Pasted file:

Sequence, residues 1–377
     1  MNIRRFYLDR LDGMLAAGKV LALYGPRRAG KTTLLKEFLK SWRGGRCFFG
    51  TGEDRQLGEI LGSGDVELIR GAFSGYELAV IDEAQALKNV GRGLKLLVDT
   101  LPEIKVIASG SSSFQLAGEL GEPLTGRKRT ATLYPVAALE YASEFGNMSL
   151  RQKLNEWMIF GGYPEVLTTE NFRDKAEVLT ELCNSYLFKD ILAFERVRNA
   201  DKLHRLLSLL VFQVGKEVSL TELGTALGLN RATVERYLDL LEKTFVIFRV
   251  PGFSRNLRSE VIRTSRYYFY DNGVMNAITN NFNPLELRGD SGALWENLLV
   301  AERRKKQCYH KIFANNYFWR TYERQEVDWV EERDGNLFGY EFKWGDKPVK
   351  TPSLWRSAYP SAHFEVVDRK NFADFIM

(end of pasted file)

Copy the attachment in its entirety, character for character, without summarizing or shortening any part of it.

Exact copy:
Sequence, residues 1–377
     1  MNIRRFYLDR LDGMLAAGKV LALYGPRRAG KTTLLKEFLK SWRGGRCFFG
    51  TGEDRQLGEI LGSGDVELIR GAFSGYELAV IDEAQALKNV GRGLKLLVDT
   101  LPEIKVIASG SSSFQLAGEL GEPLTGRKRT ATLYPVAALE YASEFGNMSL
   151  RQKLNEWMIF GGYPEVLTTE NFRDKAEVLT ELCNSYLFKD ILAFERVRNA
   201  DKLHRLLSLL VFQVGKEVSL TELGTALGLN RATVERYLDL LEKTFVIFRV
   251  PGFSRNLRSE VIRTSRYYFY DNGVMNAITN NFNPLELRGD SGALWENLLV
   301  AERRKKQCYH KIFANNYFWR TYERQEVDWV EERDGNLFGY EFKWGDKPVK
   351  TPSLWRSAYP SAHFEVVDRK NFADFIM